What is Spiritual Progress?

What is Spiritual Progress?

When trying to become closer to Allah azza wa jal, we sometimes use our own internal feelings and states as an indication of progress. For example, if during a salah one feels a sense of expansion in the chest or some kind of positive internal experience, one might think that this indicates they have made progress on the path to Allah. These pleasant inner states that are experienced with various acts of obedience are indeed blessings from Allah to be grateful for (and not to become arrogant on account of). However, they are not necessarily indicators of spiritual progress. Conversely, others may feel that because they are not having these pleasant internal states during their prayers or their other acts of worship, that they are not making progress and are not close to Allah. This, too, is often a deception.

Take a look at what Hakim al-Ummah, Mawlana Ashraf Ali Thanwi writes in his book, Qasd us-Sabil: The Straight Path Simplified. Here, he is introducing the ideas of “volitional verses non-volitional” matters. Volitional meaning, “that which you have control over”, and non-volitional meaning, “that which you do not have control over.”

The salik [the Muslim seriously seeking to become closer to Allah] should never neglect volitional matters - meaning matters that are within one’s control. In addition, he should not be concerned with non-volitional matters - matters that are outside of one’s control. Even if the non­volitional matters are pleasant, he should not yearn to acquire  them. And if they are unpleasant, he should not occupy himself with trying to ward them off. For Example, concentration in salat, dhikr, or recitation of Quran may be difficult, but it is still within one’s ability to acquire. There are several ways of developing this concentration, such  as contemplating on the omnipotence of Allah Ta’ala, reflecting on the meanings of the words, or focusing on each word to the extent that every word is being consciously pronounced. Since these actions are within man’s ability, he should not neglect their acquisition. Rather, he should exercise diligence in this regard.

On the other hand, the arising of different feelings such as enjoyment, displeasure, distaste, satisfaction, etc. are not within one’s volition. Therefore, the salik should not be concerned if he does not experience enjoyment in salat, dhikr, or recitation of the Quran. Nor should he become despondent or frustrated by this  lack of enjoyment.

Obedience to Allah Ta’ala [is] within one’s volition. Therefore, the salik must not be neglectful or lacking in this regard.

The following matters are beyond one’s ability to volitionally acquire: pleasant dreams, answering of duas, spiritual ecstasy, bad dreams, despondency, reduction in rizq (sustenance), ecstasy in dhikr, seeing visions, illness, etc. The presence or absence of these conditions and states should not concern the salik.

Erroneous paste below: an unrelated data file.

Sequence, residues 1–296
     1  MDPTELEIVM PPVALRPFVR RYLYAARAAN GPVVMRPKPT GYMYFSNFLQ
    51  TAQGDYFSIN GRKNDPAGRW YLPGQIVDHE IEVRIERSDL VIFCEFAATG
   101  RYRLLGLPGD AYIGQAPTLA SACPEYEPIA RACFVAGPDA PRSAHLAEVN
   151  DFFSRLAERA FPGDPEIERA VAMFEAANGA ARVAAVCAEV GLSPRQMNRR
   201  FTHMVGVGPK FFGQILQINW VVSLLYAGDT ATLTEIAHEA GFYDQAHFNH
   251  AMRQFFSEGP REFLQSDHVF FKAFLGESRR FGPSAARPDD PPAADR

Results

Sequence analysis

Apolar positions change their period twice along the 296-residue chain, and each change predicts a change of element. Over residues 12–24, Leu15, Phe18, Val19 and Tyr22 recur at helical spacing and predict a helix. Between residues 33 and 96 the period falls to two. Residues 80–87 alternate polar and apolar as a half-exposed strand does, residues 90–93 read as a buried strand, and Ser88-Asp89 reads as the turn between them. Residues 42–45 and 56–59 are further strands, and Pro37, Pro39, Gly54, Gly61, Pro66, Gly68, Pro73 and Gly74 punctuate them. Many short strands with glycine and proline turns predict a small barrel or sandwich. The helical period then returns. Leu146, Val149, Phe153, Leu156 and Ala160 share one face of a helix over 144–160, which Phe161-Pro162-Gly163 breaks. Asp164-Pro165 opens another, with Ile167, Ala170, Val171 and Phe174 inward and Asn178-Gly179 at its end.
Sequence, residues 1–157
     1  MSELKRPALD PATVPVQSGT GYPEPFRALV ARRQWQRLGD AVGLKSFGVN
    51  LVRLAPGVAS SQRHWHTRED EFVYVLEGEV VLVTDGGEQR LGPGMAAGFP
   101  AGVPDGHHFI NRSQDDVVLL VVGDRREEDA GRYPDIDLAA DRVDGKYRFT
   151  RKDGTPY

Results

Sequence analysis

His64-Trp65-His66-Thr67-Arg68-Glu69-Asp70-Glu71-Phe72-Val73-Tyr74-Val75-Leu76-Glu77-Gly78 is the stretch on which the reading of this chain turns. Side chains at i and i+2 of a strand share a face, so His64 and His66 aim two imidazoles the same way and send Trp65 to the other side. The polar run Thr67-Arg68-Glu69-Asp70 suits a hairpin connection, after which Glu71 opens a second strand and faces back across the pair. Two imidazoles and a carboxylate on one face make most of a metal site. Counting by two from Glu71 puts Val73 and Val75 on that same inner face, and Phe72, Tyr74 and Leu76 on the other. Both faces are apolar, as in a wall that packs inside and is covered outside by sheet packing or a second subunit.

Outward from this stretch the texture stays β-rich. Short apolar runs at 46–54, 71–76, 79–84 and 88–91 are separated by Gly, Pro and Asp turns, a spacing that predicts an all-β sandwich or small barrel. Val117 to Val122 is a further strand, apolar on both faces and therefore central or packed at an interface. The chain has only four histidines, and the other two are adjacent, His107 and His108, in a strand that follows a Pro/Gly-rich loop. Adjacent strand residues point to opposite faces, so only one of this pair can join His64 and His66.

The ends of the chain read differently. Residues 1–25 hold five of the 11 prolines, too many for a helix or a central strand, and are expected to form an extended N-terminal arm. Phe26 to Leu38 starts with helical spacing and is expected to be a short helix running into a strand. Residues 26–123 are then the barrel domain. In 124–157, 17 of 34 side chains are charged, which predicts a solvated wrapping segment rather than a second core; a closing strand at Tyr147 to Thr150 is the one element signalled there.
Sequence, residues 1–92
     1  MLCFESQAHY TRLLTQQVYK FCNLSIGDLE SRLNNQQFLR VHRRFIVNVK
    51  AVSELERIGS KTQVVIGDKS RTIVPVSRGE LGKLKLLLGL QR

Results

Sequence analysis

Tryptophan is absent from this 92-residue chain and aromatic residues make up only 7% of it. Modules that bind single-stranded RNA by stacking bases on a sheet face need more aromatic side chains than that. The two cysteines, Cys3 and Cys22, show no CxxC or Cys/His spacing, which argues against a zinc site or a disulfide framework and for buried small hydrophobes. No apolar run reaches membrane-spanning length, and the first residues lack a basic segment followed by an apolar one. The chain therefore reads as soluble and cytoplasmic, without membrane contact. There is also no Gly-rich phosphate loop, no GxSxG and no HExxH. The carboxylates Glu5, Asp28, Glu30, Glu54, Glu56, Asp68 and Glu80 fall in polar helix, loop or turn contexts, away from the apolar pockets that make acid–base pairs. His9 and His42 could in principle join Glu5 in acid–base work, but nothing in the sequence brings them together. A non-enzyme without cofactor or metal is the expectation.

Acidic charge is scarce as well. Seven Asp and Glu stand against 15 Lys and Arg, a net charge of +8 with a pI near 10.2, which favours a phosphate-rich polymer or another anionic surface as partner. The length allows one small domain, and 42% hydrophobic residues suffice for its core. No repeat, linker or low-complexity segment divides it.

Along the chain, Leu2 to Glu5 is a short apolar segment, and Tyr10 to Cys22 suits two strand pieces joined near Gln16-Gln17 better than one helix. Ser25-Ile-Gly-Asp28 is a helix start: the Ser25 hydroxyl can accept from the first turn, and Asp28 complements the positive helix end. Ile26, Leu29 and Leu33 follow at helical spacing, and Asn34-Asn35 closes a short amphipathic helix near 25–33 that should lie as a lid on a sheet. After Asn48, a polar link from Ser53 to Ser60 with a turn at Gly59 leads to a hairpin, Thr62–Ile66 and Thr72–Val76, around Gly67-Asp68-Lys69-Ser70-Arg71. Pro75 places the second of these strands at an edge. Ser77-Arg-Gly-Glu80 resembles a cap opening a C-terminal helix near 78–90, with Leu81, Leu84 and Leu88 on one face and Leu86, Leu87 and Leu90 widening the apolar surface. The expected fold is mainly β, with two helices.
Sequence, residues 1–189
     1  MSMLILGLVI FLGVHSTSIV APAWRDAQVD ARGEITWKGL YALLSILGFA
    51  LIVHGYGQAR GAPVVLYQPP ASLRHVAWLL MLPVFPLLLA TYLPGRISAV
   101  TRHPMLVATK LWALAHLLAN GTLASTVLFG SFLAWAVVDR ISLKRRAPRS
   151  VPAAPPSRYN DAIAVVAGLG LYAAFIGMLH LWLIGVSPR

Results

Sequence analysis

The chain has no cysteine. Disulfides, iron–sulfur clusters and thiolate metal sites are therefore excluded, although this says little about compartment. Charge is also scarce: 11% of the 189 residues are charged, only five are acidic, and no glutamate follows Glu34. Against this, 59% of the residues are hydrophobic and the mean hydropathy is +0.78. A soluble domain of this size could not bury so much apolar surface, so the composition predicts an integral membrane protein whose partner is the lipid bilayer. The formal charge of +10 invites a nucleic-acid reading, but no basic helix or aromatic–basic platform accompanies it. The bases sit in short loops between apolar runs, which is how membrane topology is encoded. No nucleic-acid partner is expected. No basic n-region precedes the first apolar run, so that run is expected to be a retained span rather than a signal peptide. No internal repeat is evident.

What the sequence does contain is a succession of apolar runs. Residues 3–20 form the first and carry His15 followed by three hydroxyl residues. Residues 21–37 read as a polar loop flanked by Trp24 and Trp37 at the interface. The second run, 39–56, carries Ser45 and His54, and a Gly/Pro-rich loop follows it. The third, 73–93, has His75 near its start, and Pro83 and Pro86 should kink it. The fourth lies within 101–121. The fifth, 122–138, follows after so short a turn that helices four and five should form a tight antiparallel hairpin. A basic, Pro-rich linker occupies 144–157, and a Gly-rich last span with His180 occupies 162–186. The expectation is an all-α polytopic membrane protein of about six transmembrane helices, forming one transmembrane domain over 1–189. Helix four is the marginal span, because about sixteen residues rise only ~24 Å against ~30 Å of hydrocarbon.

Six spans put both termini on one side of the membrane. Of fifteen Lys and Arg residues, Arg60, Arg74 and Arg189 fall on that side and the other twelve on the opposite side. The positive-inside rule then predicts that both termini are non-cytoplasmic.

The one who preoccupies himself with matters that are beyond his control, whether it be their acquisition or their removal, will waste his entire life. Often, he [will become] overwhelmed by frustration, depression, and despondency. [He may consider] himself to be cursed, and as a result commit suicide. Others will react by abandoning dhikr and obedience. In short, by engrossing oneself in matters that are outside of one’s volitional control, the salik endangers both his Iman and his life.

Sometimes, after a non-volitional but enjoyable state comes upon a salik, he becomes vain an  believes  himself  to  be a man of excellence and perfection. Thus, the salik  is subjected to a fitnah (test). He becomes caught up in conceit and self­-aggrandizement, causing him to be spiritually destroyed.

On the other hand, by not experiencing these enjoyable states, the salik considers himself to be unworthy and contemptible. Thus, true humility is instilled in him.

Sometimes an unpleasant state will actually be beneficial for the salik, since he is bound to strive against evil inclinations. He strives, suffers, and experiences grief, and this in turn purifies his heart. It is in reference to these matters that the Holy Quran states:

"Perhaps you detest something while it is actually good for you; and perhaps you love something while it is actually bad for you." (Baqara 2:216)

If you experience an enjoyable condition, then think of it as a ni’mat (bounty) and be grateful to Allah Ta’ala. Similarly, consider it a ni’mat and thank Allah Ta’ala if you do not acquire them.

From this we can see that while positive internal states are a blessing, negative internal states can also be a blessing. But in both cases, they are non-volitional, and so we should not be too concerned about them. We do not have any control over whether we experience them or not, anyway. The real indicator of spiritual progress is the extent to which one follows the shari’a and the sunnah. If one is praying five times a day, on time, with regularity, is avoiding the haram, and is doing their best, they are making progress. One must look at what one has the ability to control. If one is doing their best in that realm, then they are progressing.

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